How To Become Techy With a Non-Techy Background
Hey recently hired employees of the technology industry in business development, operations, or business analysis, I’m talking to you. As I start my fourth week at Revelry I feel like I should share some knowledge as I become situated in a new industry. I come from a background of working in finance and non-profits–definitely not the technology industry. Being an employee at a software development firm has been new and exciting but there is definitely a knowledge gap between what I know and the technical language of my new everyday life. Here are a few lessons that have helped me fill the gaps of my non-techy background and start to get my feet under me these last few weeks:
1.) Make It an Everyday Effort
It’s hard to avoid anything if you make sure that it will be touching your consciousness at least once a day. I made it a priority that something tech related would be getting into my inbox daily. The end result? I now receive anywhere from 5-10 email subscriptions from blogs that I am subscribed to everyday. Do I read every word on every blog? Of course not, I have a job with responsibilities. But immersing myself for a few minutes each day into what exactly is going on in the technology world has definitely helped. Subscribing to well-known blogs such as VentureBeat, BetaList, and CrunchBase have given me knowledge as to the companies that have gotten funding, the need to look up technical terms, and customer trends in various technology markets. It’s also a great idea to subscribe to lesser known blogs. Two that have really helped me are Groove and Taylor Davidson’s blog. Groove has plenty of stories of customer service in the technology world and Davidson provides updates in the both the software and hardware worlds. While this strategy is not the most the most in-depth, it will help you get a working knowledge in the technology industry and set you down the right path.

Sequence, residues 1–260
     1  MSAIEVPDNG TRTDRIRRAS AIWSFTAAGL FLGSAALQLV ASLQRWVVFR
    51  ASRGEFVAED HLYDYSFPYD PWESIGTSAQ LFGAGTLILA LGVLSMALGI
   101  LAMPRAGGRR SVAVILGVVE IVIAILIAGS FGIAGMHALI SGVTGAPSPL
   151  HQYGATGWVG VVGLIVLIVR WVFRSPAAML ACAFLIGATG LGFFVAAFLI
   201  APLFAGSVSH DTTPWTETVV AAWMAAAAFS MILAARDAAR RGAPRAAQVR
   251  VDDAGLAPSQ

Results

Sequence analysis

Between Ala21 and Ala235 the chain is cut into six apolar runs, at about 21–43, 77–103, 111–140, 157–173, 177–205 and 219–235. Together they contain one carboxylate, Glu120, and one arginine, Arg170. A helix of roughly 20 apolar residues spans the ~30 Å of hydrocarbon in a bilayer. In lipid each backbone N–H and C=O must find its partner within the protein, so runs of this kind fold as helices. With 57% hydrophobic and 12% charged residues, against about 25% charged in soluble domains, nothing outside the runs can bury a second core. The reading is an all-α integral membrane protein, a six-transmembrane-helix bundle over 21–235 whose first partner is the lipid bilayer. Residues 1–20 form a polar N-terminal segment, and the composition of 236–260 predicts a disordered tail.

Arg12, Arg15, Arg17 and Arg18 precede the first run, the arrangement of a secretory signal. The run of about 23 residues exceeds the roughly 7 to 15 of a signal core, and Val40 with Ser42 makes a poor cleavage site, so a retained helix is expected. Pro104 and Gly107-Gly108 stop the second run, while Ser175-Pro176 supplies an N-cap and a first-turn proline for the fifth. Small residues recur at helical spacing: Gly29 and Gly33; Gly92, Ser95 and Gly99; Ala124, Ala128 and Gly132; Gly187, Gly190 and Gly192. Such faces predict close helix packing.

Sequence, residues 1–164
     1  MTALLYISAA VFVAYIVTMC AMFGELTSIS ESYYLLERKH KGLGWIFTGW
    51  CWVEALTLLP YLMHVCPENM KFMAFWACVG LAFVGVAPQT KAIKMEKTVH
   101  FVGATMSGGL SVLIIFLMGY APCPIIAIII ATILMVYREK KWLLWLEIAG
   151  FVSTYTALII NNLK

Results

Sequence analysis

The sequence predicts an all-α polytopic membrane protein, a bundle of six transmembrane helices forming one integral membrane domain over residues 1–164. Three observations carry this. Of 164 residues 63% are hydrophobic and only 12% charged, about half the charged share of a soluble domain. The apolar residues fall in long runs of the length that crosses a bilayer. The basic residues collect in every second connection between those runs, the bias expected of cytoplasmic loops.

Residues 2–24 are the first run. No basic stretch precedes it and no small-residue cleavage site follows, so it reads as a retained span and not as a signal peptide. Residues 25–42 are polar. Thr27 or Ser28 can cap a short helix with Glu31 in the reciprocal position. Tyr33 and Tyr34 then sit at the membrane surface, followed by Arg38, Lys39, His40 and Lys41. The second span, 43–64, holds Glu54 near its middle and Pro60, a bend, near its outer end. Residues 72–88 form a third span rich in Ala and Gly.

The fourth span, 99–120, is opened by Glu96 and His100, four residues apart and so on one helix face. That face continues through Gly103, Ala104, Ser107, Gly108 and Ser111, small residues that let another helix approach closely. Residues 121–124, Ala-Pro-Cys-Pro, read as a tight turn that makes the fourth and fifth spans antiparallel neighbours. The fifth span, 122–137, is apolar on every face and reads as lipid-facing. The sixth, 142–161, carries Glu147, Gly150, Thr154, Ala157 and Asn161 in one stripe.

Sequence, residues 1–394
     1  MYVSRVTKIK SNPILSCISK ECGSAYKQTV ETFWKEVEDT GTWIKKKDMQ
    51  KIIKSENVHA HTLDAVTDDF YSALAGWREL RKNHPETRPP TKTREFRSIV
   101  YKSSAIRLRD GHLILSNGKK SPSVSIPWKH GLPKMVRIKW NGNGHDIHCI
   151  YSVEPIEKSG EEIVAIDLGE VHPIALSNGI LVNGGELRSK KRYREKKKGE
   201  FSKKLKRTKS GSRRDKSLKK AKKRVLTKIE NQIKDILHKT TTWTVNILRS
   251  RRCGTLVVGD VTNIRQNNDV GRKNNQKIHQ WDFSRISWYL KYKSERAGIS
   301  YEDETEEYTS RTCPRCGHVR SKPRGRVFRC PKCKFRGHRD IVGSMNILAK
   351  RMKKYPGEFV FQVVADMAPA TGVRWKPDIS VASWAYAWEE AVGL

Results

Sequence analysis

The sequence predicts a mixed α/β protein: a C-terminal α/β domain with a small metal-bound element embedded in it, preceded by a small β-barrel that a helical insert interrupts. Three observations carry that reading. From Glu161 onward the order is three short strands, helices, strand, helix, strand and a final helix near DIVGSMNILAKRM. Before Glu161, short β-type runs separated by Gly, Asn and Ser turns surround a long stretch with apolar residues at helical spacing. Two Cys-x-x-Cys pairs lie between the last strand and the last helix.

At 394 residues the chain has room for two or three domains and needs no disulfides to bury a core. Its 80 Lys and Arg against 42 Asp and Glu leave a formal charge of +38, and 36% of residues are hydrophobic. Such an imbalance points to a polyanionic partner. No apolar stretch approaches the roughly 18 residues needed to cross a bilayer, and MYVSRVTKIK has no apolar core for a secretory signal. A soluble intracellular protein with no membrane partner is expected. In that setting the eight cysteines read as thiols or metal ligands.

2.) Look Within Your Organization
Starting at any new organization can be intimidating if not downright frightening. However, like my good friend Spencer Wolfe (@wolfesp18) said one day: “I had a choice. To be inspired and to be intimidated are two sides of the same coin.” You can either be inspired or be intimidated when you have to step into a situation that you are not familiar with. That is exactly what happened with me–I was suddenly working in a financial and sales support role trying to understand a service with which I had very little prior knowledge of. My coworkers were talking in a technical language that I didn’t understand. It was intimidating. But you need to be able to see the opportunity in the situation–you need to be inspired! That’s what I’m working on right now. Whenever I run across something that I don’t quite understand, I don’t hesitate to reach out to our CTO for quick clarification. Be inspired by the people working beside you and their technical knowledge. There is definitely an opportunity there to be inspired to expand your own technical knowledge.
3.) Look Outside Your Organization
It’s very easy to miss important assets in your social and professional networks. That’s why I started to look outside of Revelry to help gain technical knowledge. Remember that interesting coder you met at that random happy hour or that student you talked to after class about building a website from the ground up? There’s a good chance that they remember who you are and wouldn’t mind having another conversation about the technology world. Reach out to them and try to grab lunch one day or have coffee with them. Ask them about their background and what exactly they do at their place of employment. How can that information translate over to your role at your respective organization? While software developers don’t have the reputation as being the socialites that we expect of salespeople and executives, they are more than happy to share knowledge with someone who is willing to learn.
4.) Be Proactive, Help Move Forward
The single thing that has helped me most in understanding the tech world is being proactive and adding value wherever I can. What do I mean by this? I mean to step out of your comfort zone and try to help more than just yourself. Yes, it might be a little awkward meeting that random LinkedIn connection early on a Saturday morning but you’ll feel better afterwards than if you had not. I’m sure that the two of you will talk about things that you didn’t expect and you have some topics to talk about that your connection is not familiar with. Ask developers what resources are within your organization to gain a better technological vocabulary. There aren’t any resources? Maybe that would be a great in-house project. Revelry just started an internal wiki for new non-technical hires. It won’t always be the easiest journey but if you stay proactive everyday, you’ll eventually gain an in-depth knowledge of the technology industry.